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bluejeanius · 29/08/2021 20:50

Thanks, some of it is fear of the blooming UCAT (plus some burnout after really full-on pressurised year 12 exams that will probably turn out to be harder than the actual A levels next years) and some of it is the fact that it will be even harder than normal to get in 2022 due to all the deferrals from 2021, so why give 4 of 5 options to a course for which there just aren't that many places and those places will be decided quite arbitrarily since many candidates will be exactly what the courses will be looking for but there isn't room for them all, and she's not willing to put life on hold for a year to reapply for 2023 (or get asked to defer by university if she does get a place for 2022, which happened this year and due to the domino effect will happen again next year).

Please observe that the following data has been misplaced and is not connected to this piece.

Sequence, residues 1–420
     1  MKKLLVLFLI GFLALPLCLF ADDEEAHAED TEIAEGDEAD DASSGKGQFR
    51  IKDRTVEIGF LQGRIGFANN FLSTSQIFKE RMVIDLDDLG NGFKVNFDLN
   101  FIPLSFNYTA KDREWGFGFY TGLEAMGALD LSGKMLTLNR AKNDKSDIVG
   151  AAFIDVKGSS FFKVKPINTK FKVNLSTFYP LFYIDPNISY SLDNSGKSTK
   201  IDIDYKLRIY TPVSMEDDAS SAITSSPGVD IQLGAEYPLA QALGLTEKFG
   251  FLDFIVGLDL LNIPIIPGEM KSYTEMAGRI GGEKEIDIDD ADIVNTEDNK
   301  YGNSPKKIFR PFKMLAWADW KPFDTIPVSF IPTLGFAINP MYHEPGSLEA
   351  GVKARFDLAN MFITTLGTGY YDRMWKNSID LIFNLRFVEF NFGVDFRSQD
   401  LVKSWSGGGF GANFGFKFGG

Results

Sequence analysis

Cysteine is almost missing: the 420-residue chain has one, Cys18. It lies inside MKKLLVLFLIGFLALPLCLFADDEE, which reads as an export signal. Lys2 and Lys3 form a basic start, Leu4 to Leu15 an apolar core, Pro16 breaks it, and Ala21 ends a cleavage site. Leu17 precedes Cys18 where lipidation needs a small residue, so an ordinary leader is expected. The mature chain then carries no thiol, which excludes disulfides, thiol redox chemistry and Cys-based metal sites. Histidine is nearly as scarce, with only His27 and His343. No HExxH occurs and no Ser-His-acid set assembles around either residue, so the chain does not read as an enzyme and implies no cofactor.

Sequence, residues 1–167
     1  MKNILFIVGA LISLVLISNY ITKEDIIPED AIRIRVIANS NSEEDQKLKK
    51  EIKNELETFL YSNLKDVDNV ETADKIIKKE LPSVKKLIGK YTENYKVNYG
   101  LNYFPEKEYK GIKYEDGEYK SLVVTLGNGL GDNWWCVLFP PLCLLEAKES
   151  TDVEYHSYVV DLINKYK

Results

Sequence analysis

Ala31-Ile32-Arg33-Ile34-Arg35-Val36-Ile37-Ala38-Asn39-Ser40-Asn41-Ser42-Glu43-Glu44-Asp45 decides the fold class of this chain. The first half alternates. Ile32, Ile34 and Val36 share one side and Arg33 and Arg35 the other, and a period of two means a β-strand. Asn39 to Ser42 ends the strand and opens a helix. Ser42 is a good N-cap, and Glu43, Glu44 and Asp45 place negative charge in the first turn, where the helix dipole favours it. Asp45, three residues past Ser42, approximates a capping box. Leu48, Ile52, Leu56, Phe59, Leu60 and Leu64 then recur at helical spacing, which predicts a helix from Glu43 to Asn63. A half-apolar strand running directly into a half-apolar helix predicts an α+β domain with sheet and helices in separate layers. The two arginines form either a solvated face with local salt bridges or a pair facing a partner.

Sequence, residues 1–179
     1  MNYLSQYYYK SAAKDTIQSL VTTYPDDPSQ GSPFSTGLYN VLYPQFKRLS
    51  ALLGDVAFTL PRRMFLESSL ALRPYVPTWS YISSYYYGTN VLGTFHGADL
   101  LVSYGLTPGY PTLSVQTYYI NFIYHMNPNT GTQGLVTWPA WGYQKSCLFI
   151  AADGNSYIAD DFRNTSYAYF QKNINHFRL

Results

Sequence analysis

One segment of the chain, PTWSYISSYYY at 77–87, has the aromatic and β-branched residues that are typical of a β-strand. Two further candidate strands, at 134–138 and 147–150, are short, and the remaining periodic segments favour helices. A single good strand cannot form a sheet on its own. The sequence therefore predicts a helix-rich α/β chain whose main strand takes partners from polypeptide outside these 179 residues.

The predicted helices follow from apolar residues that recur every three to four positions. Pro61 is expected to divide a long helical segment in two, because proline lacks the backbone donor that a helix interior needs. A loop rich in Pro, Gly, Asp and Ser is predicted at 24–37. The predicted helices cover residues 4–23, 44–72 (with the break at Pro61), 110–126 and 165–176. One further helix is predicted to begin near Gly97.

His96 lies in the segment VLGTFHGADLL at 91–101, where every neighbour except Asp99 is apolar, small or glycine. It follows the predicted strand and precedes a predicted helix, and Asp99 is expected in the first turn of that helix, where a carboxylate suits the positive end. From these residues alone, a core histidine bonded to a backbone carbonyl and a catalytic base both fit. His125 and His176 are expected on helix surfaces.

But definitely not Pharmacy, the life of a high street pharmacist is not appealing to her and the hospital pharmacists are stuck on the rubbish NHS pay scale which means they can never earn as much as even a newly qualified medic fresh out of med school.

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LaLaFlottes · 29/08/2021 21:28

I can’t help with the question about other courses but wonder if perhaps she should do the UCAT seeing as she’s done all of the preparation? Then if she scores highly it might boost her confidence in her application and she might change her mind back to medicine again?

Not suggesting that she needs to change her mind back - but just that it sounds like a wobble rather than a complete change of heart. It sounds like she’s put in all of the ground work.